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W4 Games formed to help developers using Godot Engine

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Here's a very interesting development for the world of the open source Godot Engine, as a new company named W4 Games has been formed to push it further than ever before. Founded by Godot Engine veterans Juan Linietsky, Rémi Verschelde and Fabio Alessandrelli, and veteran entrepreneur Nicola Farronato the idea is to provide commercial assistance to developers of all sorts using Godot Engine.

One of the goals (there will be a number) is to help developers access console markets, which has been a problem for Godot Engine since it's fully open source and can't just include everything needed to publish on consoles as they've historically been restrictive with things like their SDK. So one goal of W4 Games is to help there, as their FAQ mentions:

W4 was created to satisfy commercial needs of the corporate game industry that are currently unaddressed, by providing products and services to companies that need them in order to move to Godot from other technologies. This includes services offering such as enterprise support plans and the possibility to access markets that were previously unreached by Godot, such as console platforms. Stay tuned for more details!

That's just one small part of it though, as their announcement explains:

W4 Games was formed to strengthen the Godot ecosystem by providing both enterprise and independent developers with a complementary suite of commercial products and services to successfully develop and publish video games to all existing platforms in the market. Further announcements about these products and services will be made over the coming weeks and months as they become available.

For anyone suddenly worried — Godot Engine remains community built, owned and run and will continue to be. This is just a few of their team hoping to keep pushing open source to the masses of developers out there.

Article taken from GamingOnLinux.com.
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33 comments
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const 9 Aug
Quoting: Valck
Quoting: KimyrielleWell, if they work on proprietary stuff to allow games to run on consoles, they simply CAN'T upstream -everything- just...as much as they can?

Not sure if you read evil intent into their words when there isn't any? At least I don't think they are going to last in this business for very long if they build a reputation for exploiting the open source engine their business is based on, without giving back.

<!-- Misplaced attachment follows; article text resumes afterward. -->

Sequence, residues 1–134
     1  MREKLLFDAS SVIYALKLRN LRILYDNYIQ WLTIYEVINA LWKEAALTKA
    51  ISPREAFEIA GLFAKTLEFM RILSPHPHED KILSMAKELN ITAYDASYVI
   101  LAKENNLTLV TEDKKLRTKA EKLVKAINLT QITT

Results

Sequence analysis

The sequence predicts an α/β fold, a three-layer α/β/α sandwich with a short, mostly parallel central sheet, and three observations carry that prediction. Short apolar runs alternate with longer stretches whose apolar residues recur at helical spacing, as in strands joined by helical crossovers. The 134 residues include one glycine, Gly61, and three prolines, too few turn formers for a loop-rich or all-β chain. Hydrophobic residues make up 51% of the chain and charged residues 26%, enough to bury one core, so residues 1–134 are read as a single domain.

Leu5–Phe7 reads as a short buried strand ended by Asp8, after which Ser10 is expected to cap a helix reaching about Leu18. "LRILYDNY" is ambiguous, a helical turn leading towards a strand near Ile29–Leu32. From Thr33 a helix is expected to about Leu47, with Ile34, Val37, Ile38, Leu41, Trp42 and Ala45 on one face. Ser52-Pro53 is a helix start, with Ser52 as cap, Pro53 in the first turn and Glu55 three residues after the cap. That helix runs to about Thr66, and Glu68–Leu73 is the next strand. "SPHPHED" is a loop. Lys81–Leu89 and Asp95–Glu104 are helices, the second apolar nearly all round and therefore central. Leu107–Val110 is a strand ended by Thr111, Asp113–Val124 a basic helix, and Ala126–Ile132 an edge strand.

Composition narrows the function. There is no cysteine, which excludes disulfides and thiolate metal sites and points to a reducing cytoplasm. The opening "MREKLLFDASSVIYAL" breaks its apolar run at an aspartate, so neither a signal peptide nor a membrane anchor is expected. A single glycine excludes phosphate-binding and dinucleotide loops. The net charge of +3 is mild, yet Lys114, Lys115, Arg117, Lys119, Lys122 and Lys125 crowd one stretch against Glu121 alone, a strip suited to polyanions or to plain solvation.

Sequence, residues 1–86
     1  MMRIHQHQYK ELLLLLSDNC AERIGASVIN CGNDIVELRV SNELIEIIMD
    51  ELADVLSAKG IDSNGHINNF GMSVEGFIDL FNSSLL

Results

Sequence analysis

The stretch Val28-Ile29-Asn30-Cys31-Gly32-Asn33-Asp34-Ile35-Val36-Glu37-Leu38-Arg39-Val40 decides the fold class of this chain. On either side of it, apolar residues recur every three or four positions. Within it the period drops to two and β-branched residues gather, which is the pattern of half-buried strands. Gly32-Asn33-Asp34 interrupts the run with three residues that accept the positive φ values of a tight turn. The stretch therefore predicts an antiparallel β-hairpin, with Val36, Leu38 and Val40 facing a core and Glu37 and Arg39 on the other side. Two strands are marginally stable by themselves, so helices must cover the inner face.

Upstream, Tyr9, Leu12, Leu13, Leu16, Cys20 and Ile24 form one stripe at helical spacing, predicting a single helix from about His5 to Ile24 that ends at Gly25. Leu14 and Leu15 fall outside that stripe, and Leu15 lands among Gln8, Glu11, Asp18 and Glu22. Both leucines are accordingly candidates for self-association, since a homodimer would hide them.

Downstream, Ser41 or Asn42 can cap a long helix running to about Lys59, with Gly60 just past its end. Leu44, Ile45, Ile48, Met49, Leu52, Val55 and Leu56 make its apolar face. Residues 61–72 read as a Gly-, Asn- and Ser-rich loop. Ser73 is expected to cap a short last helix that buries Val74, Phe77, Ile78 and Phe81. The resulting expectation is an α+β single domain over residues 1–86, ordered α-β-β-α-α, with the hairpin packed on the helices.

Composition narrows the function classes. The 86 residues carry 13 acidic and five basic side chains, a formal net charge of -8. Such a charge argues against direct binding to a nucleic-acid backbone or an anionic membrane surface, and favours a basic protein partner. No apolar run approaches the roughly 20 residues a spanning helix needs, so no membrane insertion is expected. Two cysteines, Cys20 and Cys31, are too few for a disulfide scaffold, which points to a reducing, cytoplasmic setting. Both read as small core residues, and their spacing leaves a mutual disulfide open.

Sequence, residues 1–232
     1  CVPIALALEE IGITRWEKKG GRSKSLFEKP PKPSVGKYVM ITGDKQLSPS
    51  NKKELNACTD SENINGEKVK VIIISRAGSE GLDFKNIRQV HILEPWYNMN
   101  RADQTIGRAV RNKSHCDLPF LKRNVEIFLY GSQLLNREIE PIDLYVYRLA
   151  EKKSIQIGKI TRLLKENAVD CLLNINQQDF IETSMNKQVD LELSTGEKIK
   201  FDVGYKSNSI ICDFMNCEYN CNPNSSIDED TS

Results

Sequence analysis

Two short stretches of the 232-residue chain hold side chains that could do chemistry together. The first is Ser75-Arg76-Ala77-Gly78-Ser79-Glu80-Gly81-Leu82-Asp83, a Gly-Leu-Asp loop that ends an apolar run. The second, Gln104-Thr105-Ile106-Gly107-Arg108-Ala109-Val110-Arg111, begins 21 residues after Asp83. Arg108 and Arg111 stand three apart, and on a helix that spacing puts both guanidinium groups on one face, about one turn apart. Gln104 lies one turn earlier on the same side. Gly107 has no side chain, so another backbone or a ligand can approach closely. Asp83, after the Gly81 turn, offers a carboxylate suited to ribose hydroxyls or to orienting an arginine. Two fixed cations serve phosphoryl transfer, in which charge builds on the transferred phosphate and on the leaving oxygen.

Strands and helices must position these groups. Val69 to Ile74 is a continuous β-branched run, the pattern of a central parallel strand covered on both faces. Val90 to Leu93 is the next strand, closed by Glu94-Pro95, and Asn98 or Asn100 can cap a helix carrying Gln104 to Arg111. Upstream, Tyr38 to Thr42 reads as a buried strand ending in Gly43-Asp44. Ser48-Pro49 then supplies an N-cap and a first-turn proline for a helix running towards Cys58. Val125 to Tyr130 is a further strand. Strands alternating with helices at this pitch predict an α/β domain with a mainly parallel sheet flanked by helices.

Specifically "the video game industry" has a reputation for exploiting technology, exploiting artists, exploiting developers, whenever, wherever, and however they can. What we "consumers" think – and so much less we Linux users, fraction of a market share of consumers – has never stopped "the video game industry", at best it might have given them a short second to pause, before they get the spin doctors spinning in the right direction again.

Again, I hope I read evil intent where there is none, but I'm all too wary of the long and strong arm of the industry we're talking about. This is not about indie studios or small companies; they already don't need this company's help.

Exploitism is hardly their fault, no idea why you would imply that.
They certainly use a more inclusive definition of "video game industry" then you.
AAA studios are hardly their target. Read the article about porting I linked.


Last edited by const on 9 August 2022 at 5:52 pm UTC
const 9 Aug
Quoting: Valck
Quoting: constAs an open source advocate and hobby game developer, I can't emphasize enough how important godot is. MIT was the correct license choice and the core developers clearly aren't in it for the money.
No one is denying that, but this isn't about the developers of Godot.

Juan Linietsky, Rémi Verschelde and Fabio Alessandrelli are without doubt the core developers of Godot.
Mal 9 Aug
  • Supporter
Given the recent moves of both major proprietary engines (one using the devs as meat shields and then throwing them under the bus hoping to get an advantage in their legal crusade against the world, the other entertaining the opaque business opportunities offered by Malware practices) it should be clear to everyone that, pretty much like for OSs, engines too should be open, free and non controllable by a single actor for the sake of the whole industry. So I hope this workaround to console NDAs helps Godot to gain market share and features.


Last edited by Mal on 9 August 2022 at 6:43 pm UTC
Valck 9 Aug
Quoting: const
Quoting: Valck
Quoting: KimyrielleWell, if they work on proprietary stuff to allow games to run on consoles, they simply CAN'T upstream -everything- just...as much as they can?